“The characters and their relationships offer unique takes on the characters that you may already be familiar with, but will still be presented in a new light.”

So yeah, everyone loves it, and everyone but me has played it.

Sunset Overdrive is a action adventure game, with both third person shooter elements, and little bit of Tony Hawk movement. Its tone feels a bit like Borderlands.

This game came out in 2014, and it does sorta show. Character creation was limited, and all the characters look ugly IMO. But that’s the aesthetic. Graphics quality is fine for its time. The guns feel good, there’s a huge map to explore, and the characters are memorable and odd. There was one annoying child I wanted to run over a with bus, but after a bit, I didn’t want to run him over as much. So. Character development.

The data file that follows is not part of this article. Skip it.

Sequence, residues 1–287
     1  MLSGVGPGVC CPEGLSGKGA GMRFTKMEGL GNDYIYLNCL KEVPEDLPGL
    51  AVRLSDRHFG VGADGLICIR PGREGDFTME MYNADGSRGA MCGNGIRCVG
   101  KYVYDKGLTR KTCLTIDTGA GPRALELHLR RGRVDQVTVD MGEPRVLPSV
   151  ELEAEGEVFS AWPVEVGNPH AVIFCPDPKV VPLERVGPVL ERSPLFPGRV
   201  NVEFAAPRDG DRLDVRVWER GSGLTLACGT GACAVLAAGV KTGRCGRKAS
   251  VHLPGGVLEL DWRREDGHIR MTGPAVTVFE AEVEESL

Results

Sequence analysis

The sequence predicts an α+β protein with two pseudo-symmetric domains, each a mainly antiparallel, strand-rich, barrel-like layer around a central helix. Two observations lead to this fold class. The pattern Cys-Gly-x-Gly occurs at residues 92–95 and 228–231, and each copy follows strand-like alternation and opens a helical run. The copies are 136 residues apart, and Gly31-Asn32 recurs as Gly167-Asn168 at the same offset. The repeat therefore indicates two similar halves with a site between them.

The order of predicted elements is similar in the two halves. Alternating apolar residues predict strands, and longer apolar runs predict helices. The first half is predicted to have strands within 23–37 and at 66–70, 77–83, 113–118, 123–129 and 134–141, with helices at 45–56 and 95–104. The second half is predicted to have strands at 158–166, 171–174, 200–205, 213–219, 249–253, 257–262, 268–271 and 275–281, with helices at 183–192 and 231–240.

I do have two problems with it, but I have only played 5 hours so far, so perhaps these get alleviated? Anyway, here they are.

  1. It can be hard to find where resources you need for an upgrade are. There’s no radar or anything.
  2. I really don’t like the holdout missions where you have to protect some payload from zombies. In every other game with this sort of mission, you want to hold a position and mow them down. Since Sunset Overdrive instead wants to constantly be moving around to keep up your combo meter, the end result is the two systems clashing, and these missions feeling kind of junky to play.

So yeah, if any of these strike your fancy, you may want to check out Gamepass for PC.

Note: These were all played through Gamepass for PC. The editor to too lazy to check if they’re on all Gamepass for Xbox, because he doesn’t own one.

Pokémon Super Mystery Dungeon

Super Mystery Dungeon came out 5 years ago, but I’m playing it now, so… yeah.

Ed Note: the full name for any of the games in the Pokémon Mystery Dungeon series tends to be Pokémon Mystery Dungeon : <Title of the Rest of the Game>. Because these titles end up being 7 words long, I’ve shortened them down to just <Title of the Rest of the Game> for this writeup.